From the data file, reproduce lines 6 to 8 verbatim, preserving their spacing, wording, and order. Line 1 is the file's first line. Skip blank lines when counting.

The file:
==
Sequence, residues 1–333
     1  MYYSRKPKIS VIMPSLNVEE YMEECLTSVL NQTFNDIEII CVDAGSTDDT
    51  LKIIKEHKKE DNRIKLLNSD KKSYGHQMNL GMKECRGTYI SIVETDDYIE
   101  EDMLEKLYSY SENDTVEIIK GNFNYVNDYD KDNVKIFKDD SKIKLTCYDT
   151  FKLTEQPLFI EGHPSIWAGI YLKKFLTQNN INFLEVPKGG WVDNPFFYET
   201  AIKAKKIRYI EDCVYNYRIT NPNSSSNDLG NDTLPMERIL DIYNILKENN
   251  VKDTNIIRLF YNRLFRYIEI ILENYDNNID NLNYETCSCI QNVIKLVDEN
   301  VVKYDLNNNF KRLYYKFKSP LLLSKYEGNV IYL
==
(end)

   201  AIKAKKIRYI EDCVYNYRIT NPNSSSNDLG NDTLPMERIL DIYNILKENN
   251  VKDTNIIRLF YNRLFRYIEI ILENYDNNID NLNYETCSCI QNVIKLVDEN
   301  VVKYDLNNNF KRLYYKFKSP LLLSKYEGNV IYL